“I am ready to tell the pastors to go to where the people are moving because the Protestants are there with their tents. It is not a matter of competition, but pastoral care,” Bishop Lafontant said, adding that Archbishop Wenski has already printed 40,000 simple daily prayer booklets in Haitian Creole language for use in the tent cities.

In terms of parochial and Catholic schools, many of them have re-opened, Bishop Lafontant said, with a great deal of help from the nuncio and U.S. AID and other organizations. These groups are providing weather-resistant huts for temporary classroom space, some of which are 300 square-meters large.

The archdiocesan-owned St. Francis de Sales Hospital has been temporarily transitioning its operations to a temporary space on a diocesan-owned property of the major philosophy seminary in order to allow time for proper cleanup and rebuilding of the old location. St. Francis de Sales was severely damaged by the earthquake.

“The vocation of that hospital is for the people in that middle class and poor neighborhoods and it has to remain there,” Bishop Lafontant said. “Some said we should relocate it permanently, and I said ‘no’. It belongs to the archdiocese and they take care of the people for less cost than other hospitals.”

Bishop Lafontant said a piece of land already has been purchased and is being prepared so that the Miami archdiocese’s ongoing relief efforts in Haiti will have a base of operations.

“They can send teams of doctors who would rotate, and priests who can stay there. We bought the land already, so they are fencing it and soon they will start building that center,” Bishop Lafontant said. “Priests from Miami could go there and help the priests who could come to Miami and rest a little bit, and doctors could come here and have a place to stay.”

A longer-term consideration is the fate of the National Cathedral of Haiti in the badly damaged area of downtown Port-au-Prince. Bishop Lafontant said that until recently he was unsure if the Haitian government would start rebuilding in downtown at all. But now he said he sees signs that the downtown will probably be reconstructed, giving him confidence that the cathedral should stay there.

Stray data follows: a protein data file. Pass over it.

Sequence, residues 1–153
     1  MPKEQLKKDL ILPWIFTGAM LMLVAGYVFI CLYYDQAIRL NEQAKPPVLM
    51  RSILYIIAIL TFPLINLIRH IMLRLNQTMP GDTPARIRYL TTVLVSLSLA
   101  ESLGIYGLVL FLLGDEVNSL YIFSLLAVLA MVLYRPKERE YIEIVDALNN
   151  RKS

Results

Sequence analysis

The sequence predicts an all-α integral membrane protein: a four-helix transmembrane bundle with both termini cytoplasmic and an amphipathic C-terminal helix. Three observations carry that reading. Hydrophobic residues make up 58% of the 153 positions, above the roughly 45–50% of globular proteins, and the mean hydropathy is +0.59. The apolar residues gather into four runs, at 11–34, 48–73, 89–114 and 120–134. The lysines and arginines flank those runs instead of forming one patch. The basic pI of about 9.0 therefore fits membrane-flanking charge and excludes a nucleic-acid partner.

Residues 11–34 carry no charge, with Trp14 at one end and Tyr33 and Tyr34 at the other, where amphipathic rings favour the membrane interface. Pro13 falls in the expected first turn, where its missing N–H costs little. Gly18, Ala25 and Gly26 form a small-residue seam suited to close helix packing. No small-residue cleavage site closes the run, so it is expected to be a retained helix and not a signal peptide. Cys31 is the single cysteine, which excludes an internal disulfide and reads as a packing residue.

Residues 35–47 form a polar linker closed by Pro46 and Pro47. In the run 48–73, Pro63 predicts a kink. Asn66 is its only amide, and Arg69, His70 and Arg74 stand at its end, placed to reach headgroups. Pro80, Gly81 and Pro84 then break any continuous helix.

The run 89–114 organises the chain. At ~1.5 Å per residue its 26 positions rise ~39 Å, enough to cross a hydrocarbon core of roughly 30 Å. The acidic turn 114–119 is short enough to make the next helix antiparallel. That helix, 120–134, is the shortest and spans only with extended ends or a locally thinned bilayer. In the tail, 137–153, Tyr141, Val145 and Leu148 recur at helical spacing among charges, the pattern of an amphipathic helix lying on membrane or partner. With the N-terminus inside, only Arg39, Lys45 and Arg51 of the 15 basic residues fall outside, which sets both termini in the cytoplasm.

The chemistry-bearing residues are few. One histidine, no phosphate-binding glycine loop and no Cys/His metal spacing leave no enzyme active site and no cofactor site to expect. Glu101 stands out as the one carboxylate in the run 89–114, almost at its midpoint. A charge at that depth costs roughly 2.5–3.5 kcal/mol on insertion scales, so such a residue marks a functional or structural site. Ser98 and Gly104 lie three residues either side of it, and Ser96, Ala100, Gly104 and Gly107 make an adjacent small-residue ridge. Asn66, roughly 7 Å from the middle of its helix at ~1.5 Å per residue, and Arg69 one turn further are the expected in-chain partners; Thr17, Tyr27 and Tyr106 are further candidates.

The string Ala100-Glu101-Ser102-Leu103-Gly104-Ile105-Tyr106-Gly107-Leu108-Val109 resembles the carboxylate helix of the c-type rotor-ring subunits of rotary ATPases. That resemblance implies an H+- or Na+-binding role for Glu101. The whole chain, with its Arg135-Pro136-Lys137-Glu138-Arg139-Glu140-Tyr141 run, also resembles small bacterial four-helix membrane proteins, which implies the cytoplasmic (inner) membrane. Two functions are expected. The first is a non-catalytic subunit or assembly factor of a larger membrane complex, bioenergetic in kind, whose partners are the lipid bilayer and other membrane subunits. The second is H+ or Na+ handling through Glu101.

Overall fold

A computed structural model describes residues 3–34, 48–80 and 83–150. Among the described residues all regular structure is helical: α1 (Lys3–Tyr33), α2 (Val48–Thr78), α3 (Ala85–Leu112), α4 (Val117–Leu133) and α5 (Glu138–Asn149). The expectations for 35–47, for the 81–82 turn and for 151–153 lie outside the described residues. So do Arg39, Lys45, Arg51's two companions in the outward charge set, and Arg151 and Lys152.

“A month ago I was watching TV and they were putting the new cornerstone for the Ministry of the Interior across the street from the cathedral, where the U.S. Embassy used to be: Because they want to rebuild downtown I was now at ease to say if we get help then maybe we could rebuild the cathedral in the same location, but maybe not the same size.”

He added that the priests of the diocese want to preserve the front of the cathedral which did not collapse and which is an icon of the Church in Haiti. When people arrive by plane into the Haitian capital they are accustomed to seeing the cathedral and the National Palace just before landing.

“Now they say there is something missing when they don’t see the cathedral and the National Palace. We have offers from the cathedral in Lyon, France and other benefactors to help rebuild the cathedral,” Bishop Lafontant said. “From two or three different sources I can foresee help coming for the cathedral. Of course it will be a big thing but I think that symbol should stay there.”

With national elections set for November, church leaders in Haiti have also been communicating to people the importance of participating in the elections and holding the government accountable for providing assistance in a time of crisis.

“We are a bit concerned about the future because people are not motivated yet to go to elections and that is one of our preoccupations,” Bishop Lafontant said. “We made a statement about that, telling the people the government should be responsible, and make sure that the people get what they need in terms of assistance and in terms of consideration for their situation.”